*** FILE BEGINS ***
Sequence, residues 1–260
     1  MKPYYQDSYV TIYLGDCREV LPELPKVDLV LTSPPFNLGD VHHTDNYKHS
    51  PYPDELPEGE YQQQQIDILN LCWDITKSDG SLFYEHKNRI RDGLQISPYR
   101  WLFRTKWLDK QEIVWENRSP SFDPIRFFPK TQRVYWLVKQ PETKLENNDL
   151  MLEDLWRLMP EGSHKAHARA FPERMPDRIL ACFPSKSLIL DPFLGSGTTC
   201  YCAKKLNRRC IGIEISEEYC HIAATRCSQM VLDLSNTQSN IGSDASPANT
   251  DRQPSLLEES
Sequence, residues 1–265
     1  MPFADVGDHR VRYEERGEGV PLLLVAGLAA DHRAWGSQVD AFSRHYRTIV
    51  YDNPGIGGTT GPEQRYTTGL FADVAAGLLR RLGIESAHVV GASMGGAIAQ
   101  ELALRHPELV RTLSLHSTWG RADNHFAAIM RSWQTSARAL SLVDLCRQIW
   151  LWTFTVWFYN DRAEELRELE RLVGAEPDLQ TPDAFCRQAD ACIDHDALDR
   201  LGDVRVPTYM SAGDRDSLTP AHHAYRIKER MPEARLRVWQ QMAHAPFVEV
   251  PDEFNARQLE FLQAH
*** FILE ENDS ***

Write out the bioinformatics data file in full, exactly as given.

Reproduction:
Sequence, residues 1–260
     1  MKPYYQDSYV TIYLGDCREV LPELPKVDLV LTSPPFNLGD VHHTDNYKHS
    51  PYPDELPEGE YQQQQIDILN LCWDITKSDG SLFYEHKNRI RDGLQISPYR
   101  WLFRTKWLDK QEIVWENRSP SFDPIRFFPK TQRVYWLVKQ PETKLENNDL
   151  MLEDLWRLMP EGSHKAHARA FPERMPDRIL ACFPSKSLIL DPFLGSGTTC
   201  YCAKKLNRRC IGIEISEEYC HIAATRCSQM VLDLSNTQSN IGSDASPANT
   251  DRQPSLLEES
Sequence, residues 1–265
     1  MPFADVGDHR VRYEERGEGV PLLLVAGLAA DHRAWGSQVD AFSRHYRTIV
    51  YDNPGIGGTT GPEQRYTTGL FADVAAGLLR RLGIESAHVV GASMGGAIAQ
   101  ELALRHPELV RTLSLHSTWG RADNHFAAIM RSWQTSARAL SLVDLCRQIW
   151  LWTFTVWFYN DRAEELRELE RLVGAEPDLQ TPDAFCRQAD ACIDHDALDR
   201  LGDVRVPTYM SAGDRDSLTP AHHAYRIKER MPEARLRVWQ QMAHAPFVEV
   251  PDEFNARQLE FLQAH